...and it's about connecting everybody.That person who works on a shop floor in a retail organization is the voiceof the customer. And how do they get their message all the way back up tothe ceo, which traditionally they don't get to do. So that's what kind of areally joined and I said, I was fortunate to come over to headquartershere in London and now I look at all of our sales programs, all of our clients,success programs and really design how we take our product to market, how wesupport our customers, working with all of the regional teams. Because what wedo in Mexico versus what we do in Vietnam is very different and yeah,that's where I am today. So to really, really different careers, I'd say Ihave so many questions about the early part. I want to ask one of the realquick about workplace for a second. I mean customer success is, is, it's aland and expand strategy, right? Like you can have a small group within acompany that's using workplace for facebook, just like slack right in thisway. And so the success that that small group has might be the thing thatactually translates into a larger part of the organization taking this on asinternal communications tools. So it feels like is that I'm getting a senseof that correctly, that customer success after the sale really mattersin this type of a deal, definitely the land and expand motion. I mean youmentioned slack. The company that I really like Asana is very, very similar.I mean they only kind of had salespeople two years ago. Everythingelse was self serve and you bring in amongst the team and then that expandsand continuous. I think one difference with workplaces actually it generallygoes in and goes company wide from the start. So that that often is a verydifferent experience for clients success. Obviously different things youhave to focus on. But there are still those scenarios where it is about atrial and it needs to be expanded and if I look at linked in previously, alot of that was to go in for a small segment, a small business unit or asmall geography and really expand that out. So they used to have quiteaggressive sales targets connected with their client success teams. Cool, Cool.Alright, let's go all the way back.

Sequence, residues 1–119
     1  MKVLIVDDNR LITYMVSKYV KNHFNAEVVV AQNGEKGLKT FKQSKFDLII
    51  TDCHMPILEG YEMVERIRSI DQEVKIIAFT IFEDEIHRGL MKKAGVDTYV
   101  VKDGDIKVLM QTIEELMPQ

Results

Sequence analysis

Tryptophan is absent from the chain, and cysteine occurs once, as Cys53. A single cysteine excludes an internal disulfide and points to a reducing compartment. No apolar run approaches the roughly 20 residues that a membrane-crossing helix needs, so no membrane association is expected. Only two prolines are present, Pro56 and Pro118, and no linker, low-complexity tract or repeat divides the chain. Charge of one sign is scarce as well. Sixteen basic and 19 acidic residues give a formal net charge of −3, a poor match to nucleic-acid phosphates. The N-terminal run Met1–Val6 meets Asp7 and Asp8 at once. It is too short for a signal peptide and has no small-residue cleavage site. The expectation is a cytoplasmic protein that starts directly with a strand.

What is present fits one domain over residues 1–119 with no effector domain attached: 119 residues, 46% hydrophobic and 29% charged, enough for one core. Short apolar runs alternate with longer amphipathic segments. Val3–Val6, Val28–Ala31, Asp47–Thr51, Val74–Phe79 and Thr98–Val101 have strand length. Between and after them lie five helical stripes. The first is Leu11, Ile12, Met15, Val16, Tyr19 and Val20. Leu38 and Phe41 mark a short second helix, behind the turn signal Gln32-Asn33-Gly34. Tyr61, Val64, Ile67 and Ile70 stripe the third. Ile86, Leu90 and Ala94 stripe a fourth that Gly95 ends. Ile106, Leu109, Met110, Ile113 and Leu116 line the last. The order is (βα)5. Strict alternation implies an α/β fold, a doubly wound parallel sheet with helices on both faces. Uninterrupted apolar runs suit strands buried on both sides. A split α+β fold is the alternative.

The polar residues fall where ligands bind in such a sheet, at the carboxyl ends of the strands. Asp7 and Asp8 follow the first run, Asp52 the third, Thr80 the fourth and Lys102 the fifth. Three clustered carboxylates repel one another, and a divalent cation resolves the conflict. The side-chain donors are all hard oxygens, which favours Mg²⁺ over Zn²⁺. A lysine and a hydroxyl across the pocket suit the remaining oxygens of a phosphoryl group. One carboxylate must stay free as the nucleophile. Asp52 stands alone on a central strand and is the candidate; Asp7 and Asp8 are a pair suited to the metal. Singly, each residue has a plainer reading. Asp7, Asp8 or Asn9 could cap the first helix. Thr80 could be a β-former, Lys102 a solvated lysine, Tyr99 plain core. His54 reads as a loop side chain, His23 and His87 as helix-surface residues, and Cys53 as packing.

Where did you grow up? Because I findyour background like hopping around, you just dropped in Nigeria that Ididn't know. He said Nigeria right? Like Syria, you lived in Singapore, Youlive in London now. Like you don't care about any borders. I love this. I don'tand I often get kind of miss can shoot around where I'm from. I get Australiaa lot. I don't think the accent kind of sounds like that, but I get that quiteoften. I was born in Cornwall, so I'm very much a village village boy bynature. Kind of grew up in villages. Even when I moved to a so called townin the UK. I was in the villages outside of the town. I mean, I've neverlived in London or or spent more than one night in London in my entire lifebefore leaving the UK and in 2007. So I was very much a country boy. Okay. Butso what give me that moment that you were like, we don't work in Singapore,that that makes it even more, you know, unique to me. So I said, I gotta be theflavor because I did that 6 to 8 months of Simon in Nigeria and that was partof my recruitment days. It was going over there supporting Eriks and theywere trying to highlight 300 people and it was my account in the UK and theysaid, hey, you fancy. And I was like young, single like this, this must becool work wise. It was cool lifestyle wise. It was kind of really restricted.I was very much in a compound and didn't get out of that much, but it wasan experience that I never regret doing in terms of like the Singapore move. Itwas led by a personal matter. I was one of these guys deeply in love had thisamazing girlfriend been together five years november. She dumped me and I waslike, okay, maybe I need something different, different. Yeah, what's,what's different, I'm in the UK, why don't I just go to the other side ofthe world, that's probably gonna be a bit different to where I am now. Andthat was sort of kind of dumped in november. And by february I was on aplane flying out to Singapore. I never been to Asia, didn't speak anotherlanguage, didn't know anyone in the entire Asia region. And yeah, I mean itwas just a bold move and I remember kind of telling my group of friendswere out for were playing football and...